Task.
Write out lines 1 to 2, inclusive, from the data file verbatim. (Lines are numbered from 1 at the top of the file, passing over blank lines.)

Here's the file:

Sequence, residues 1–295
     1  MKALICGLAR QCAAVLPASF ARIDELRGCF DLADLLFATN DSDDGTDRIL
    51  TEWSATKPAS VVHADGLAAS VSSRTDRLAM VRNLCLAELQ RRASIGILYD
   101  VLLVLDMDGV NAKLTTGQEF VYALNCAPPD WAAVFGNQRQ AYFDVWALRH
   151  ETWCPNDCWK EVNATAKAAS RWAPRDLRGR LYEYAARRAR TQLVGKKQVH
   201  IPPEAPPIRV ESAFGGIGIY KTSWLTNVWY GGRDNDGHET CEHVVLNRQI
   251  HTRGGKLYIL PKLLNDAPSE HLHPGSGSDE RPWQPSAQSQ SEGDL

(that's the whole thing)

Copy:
Sequence, residues 1–295
     1  MKALICGLAR QCAAVLPASF ARIDELRGCF DLADLLFATN DSDDGTDRIL